Route 66 - between St. Louis and Springfield
Between St. Louis and Springfield, the I-44 freeway has been built right on top of the old
Route 66 corridor, and dozens of ruins of old motels, motor courts, gas stations, and other highwaydependent
businesses line the remains of the old road, which serves as a frontage road for most of the way.
Travelers will find plenty of antique shops and cafes to make the journey interesting.
Travelers looking to experience the nostalgia of old Route 66 can stop by the 1930s Wagon
, which still stands in Cuba.
They can also drive the Old Route 66 in St. James, a
five-block stretch of the first divided Route 66 pavement in America.
While in St. James, travelers
can visit some of Missouri’s fine wineries including: Ferrigno Vineyards & Winery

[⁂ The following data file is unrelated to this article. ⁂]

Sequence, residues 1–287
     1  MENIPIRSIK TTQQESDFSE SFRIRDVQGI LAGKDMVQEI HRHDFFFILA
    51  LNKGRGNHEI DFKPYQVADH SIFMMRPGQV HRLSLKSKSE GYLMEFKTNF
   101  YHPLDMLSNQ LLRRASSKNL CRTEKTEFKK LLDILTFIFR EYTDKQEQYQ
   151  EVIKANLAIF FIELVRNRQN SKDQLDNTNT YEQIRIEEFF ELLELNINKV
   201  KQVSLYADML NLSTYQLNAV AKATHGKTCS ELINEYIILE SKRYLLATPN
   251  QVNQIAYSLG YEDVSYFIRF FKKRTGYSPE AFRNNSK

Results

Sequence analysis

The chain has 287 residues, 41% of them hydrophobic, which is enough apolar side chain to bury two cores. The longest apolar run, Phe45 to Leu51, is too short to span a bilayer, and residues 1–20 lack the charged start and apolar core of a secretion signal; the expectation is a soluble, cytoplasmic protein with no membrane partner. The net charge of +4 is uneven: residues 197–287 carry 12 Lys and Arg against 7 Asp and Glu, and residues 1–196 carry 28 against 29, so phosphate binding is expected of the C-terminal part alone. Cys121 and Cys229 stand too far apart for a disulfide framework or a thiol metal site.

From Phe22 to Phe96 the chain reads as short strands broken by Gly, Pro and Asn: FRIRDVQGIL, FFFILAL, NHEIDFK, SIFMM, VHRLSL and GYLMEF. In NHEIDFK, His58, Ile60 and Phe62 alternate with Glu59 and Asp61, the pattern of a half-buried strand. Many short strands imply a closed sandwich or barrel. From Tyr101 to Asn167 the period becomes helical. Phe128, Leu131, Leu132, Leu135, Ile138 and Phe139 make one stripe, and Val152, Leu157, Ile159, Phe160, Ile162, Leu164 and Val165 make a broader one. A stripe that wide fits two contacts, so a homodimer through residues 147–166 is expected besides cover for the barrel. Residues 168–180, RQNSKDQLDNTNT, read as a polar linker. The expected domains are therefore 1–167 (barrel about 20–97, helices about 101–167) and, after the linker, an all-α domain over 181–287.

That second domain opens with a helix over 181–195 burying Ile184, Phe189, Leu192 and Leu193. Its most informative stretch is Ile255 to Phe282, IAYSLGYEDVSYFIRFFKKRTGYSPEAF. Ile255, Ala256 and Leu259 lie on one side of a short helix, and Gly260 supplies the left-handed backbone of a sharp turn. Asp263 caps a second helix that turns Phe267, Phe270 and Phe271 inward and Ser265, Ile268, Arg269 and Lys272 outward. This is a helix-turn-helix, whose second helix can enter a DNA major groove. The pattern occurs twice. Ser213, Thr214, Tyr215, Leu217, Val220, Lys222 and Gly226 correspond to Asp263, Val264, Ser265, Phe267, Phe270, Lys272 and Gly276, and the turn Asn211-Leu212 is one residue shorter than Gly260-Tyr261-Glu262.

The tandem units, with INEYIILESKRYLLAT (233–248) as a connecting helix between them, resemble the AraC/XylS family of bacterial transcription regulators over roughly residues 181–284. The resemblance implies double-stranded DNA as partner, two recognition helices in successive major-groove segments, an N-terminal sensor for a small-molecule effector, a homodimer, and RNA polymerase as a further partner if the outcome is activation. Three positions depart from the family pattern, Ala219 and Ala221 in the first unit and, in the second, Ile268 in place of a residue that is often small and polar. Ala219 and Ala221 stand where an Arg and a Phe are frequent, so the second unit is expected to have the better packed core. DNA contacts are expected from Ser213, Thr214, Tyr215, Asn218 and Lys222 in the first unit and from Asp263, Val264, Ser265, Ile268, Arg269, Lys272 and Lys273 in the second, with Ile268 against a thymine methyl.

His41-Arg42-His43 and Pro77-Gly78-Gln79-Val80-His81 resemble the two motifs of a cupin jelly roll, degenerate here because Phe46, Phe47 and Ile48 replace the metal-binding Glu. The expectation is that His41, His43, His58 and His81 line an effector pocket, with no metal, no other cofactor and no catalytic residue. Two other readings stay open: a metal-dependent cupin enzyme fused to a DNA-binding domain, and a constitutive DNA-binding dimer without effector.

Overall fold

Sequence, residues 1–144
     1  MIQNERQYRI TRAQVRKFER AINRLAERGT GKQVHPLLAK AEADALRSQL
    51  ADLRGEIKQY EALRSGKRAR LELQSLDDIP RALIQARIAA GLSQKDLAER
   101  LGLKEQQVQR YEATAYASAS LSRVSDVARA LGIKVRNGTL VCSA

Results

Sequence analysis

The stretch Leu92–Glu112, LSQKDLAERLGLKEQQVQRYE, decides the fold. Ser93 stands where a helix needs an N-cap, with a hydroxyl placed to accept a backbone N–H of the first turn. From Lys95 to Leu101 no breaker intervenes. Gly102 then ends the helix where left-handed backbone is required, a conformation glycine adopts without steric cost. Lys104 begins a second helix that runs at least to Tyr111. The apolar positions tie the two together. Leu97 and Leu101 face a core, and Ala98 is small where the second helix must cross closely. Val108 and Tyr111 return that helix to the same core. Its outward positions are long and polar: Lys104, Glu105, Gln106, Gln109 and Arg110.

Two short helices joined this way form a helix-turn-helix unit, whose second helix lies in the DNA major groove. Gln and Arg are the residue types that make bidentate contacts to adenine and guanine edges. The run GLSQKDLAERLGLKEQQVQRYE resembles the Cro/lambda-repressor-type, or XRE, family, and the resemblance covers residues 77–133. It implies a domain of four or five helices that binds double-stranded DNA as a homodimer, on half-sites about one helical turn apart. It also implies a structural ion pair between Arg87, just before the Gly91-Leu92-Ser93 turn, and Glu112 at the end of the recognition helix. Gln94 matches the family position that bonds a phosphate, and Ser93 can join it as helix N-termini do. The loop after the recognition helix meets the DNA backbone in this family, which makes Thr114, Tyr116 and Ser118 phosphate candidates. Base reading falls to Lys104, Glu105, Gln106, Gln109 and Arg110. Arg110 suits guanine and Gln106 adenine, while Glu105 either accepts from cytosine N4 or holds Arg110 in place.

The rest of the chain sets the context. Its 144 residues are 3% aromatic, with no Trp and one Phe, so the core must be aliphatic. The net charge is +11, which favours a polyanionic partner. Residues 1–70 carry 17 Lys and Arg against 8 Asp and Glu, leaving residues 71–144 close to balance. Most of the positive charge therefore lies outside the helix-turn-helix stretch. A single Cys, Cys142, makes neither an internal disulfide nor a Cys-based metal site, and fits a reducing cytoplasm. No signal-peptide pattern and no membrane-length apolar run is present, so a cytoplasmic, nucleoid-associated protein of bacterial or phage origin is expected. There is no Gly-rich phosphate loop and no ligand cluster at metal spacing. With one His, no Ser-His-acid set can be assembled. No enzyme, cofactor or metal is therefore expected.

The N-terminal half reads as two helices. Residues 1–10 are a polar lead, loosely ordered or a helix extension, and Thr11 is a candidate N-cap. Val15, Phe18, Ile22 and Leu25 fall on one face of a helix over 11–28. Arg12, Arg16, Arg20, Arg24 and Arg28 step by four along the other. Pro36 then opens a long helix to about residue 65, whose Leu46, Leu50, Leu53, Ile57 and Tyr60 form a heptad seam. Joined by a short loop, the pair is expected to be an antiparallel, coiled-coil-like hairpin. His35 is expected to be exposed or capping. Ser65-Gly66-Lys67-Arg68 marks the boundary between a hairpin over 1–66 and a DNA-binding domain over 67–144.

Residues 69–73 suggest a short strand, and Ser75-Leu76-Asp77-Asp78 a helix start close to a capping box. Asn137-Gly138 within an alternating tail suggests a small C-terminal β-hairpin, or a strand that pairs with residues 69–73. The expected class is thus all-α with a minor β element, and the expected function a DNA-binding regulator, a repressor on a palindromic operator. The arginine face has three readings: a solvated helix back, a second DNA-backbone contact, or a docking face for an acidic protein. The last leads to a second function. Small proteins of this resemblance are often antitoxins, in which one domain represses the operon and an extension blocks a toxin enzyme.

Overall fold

Rosati Winery and the
St. James Winery.
Rolla, on of the biggest towns along Missouri’s middle stretch of Route 66 boasts essential
stops for Route 66 fans including Memoryville USA
— an auto museum that includes a gift shop
offering antiques and collectibles, and an automobile restoration shop where visitors can view
restorations in progress.
At the University of Missouri-Rolla, travelers can view the half-scale
replica of Stonehenge created using waterjet technology.
While at the University they should also
be sure to visit the limestone Experimental Mines founded in 1921. Tours of the mine exhibit are
given daily. Before departing Rolla, travelers can stop at the Route 66 Motors & gift shop
vintage auto in a converted Route 66 filing station and restaurant.
Along I-44 east of Rolla, the old Route 66 roadside is lined by ramshackle wooden stands, which, at the end of summer, sell Concord grapes from local vineyards.